Tax exemption for Irish trading companies

Companies that commence to carry on a trade[1] in Ireland before 31 December 2014 will be fully exempt from corporation tax on trading profits and chargeable gains on the disposal of assets used for the new trade for the first 3 years where the total amount of corporation tax does not exceed €40,000. It is proposed that the scheme will be extended until end of year 2015, and this will be announced in the forthcoming budget in December 2014.

Corporation Tax

At the current rate of corporation tax i.e. 12.5% this equates to €320,000 of profits per year. Therefore, the company could shelter from tax up to €960,000 of trading profits over a three year period.

Where corporation tax for the year is between €40,000 and €60,000, marginal relief will apply. No relief is available where tax exceeds €60,000 per annum.

Conditions for exemption to apply:

  • The company must be incorporated on or after 14th October 2008.

  • The trade must be a new trade and must not have been carried on previously by another person in the State.

  • The tax relief will apply for three years from the commencement of the new trade.

  • The tax relief does not apply to companies that are dealing in land or petroleum and mineral activities.

  • The tax relief is linked to the amount of employers PRSI that the company has paid. The maximum credit that can be claimed is €5,000 per employee.

  • The maximum amount of corporation tax relief is €40,000 per annum for 3 years.

  • The tax relief does not apply to professional service companies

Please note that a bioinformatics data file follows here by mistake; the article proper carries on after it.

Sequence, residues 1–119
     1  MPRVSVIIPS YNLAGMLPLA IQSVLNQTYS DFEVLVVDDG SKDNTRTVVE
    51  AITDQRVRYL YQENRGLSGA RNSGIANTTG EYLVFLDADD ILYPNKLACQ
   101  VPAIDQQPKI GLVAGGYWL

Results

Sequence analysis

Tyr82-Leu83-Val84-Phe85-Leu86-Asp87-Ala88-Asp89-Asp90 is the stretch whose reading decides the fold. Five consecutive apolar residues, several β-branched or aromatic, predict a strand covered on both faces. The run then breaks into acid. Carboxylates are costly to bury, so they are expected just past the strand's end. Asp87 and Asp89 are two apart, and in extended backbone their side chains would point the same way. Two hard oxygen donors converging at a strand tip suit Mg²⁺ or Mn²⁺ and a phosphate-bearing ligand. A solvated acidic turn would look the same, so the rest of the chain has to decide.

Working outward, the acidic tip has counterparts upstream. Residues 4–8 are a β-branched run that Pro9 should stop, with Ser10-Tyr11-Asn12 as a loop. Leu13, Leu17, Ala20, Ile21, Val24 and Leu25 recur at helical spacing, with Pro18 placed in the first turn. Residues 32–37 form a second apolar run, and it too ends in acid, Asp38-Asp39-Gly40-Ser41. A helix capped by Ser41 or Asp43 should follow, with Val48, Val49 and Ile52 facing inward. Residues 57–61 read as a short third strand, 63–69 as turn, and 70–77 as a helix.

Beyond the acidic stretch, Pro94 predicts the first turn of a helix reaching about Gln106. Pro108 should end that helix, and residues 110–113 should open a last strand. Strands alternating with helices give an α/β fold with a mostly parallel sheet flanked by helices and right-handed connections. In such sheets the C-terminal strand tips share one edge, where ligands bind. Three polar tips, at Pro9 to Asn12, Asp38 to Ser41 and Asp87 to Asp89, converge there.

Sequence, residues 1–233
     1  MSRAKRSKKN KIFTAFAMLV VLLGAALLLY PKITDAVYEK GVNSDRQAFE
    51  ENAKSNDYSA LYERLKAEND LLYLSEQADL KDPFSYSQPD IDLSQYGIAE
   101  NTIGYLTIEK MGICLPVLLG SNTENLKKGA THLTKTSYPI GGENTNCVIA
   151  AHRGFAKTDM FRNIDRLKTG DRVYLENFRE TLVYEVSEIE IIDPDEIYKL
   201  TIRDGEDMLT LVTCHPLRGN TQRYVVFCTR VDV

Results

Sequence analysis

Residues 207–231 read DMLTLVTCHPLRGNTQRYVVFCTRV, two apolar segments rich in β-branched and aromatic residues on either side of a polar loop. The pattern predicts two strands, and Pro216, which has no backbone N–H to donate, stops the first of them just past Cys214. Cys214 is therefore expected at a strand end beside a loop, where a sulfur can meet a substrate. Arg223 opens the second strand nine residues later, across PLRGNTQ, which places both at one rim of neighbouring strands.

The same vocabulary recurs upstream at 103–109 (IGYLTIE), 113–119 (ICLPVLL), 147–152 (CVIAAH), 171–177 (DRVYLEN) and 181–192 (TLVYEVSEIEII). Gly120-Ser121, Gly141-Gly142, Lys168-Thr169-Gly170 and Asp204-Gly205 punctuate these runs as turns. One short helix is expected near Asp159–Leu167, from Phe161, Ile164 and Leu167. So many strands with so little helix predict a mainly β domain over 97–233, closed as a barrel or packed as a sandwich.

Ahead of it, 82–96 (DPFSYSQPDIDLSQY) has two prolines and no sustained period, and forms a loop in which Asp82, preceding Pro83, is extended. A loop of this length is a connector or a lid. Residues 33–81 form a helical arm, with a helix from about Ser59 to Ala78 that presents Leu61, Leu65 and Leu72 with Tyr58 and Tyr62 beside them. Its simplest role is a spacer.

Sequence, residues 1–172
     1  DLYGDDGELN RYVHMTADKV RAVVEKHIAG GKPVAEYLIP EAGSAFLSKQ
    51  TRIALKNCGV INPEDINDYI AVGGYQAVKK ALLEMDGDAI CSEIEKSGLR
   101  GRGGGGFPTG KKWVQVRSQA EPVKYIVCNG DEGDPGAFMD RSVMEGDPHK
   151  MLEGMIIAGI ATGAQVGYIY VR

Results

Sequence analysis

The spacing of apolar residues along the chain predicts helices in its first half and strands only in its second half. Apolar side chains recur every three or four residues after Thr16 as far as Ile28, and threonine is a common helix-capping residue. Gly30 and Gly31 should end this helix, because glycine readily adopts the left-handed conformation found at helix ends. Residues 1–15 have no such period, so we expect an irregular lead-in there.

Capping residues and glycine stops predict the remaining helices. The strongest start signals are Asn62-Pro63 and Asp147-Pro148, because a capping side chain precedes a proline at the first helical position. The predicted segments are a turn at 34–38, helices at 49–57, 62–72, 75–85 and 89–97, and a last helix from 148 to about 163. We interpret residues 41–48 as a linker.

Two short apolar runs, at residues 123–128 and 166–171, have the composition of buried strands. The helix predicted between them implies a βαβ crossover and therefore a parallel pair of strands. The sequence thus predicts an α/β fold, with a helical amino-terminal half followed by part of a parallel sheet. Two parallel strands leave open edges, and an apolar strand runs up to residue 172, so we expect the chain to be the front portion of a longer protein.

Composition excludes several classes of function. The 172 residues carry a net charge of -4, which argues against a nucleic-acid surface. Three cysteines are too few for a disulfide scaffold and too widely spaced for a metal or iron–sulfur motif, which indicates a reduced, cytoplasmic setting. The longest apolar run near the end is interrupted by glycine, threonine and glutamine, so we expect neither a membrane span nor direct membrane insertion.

• The tax relief for companies operating in the road transport sector is restricted to a total of €100,000 over the three year period.

VAT

VAT is levied on the value of all goods and services supplied in Ireland by a taxable business. The current rate of standard VAT is 23% applying to goods and professional type services, there is a reduced rate of 13.5% for general services and a 0% rate applying to certain items such as food, books, clothes to some goods. Exports are generally zero rated supplies, whilst the importation of goods or services is taxable at the rate of VAT that applies.

Ireland has introduced with effect from the 1 January 2015 a new VAT scheme known as the Mini One Stop Shop (MOSS) which, if you are making supplies of telecommunications, broadcasting or e-services to non-taxable persons

in Member States in which you have no establishment, you can register for MOSS in your Member State of establishment in respect of those services to account for the VAT due on all supplies to all member states via a web-portal in one Member State. Otherwise without this scheme, businesses making such supplies would be obliged to register for VAT, file returns and make payments in each Member State in which they make these supplies.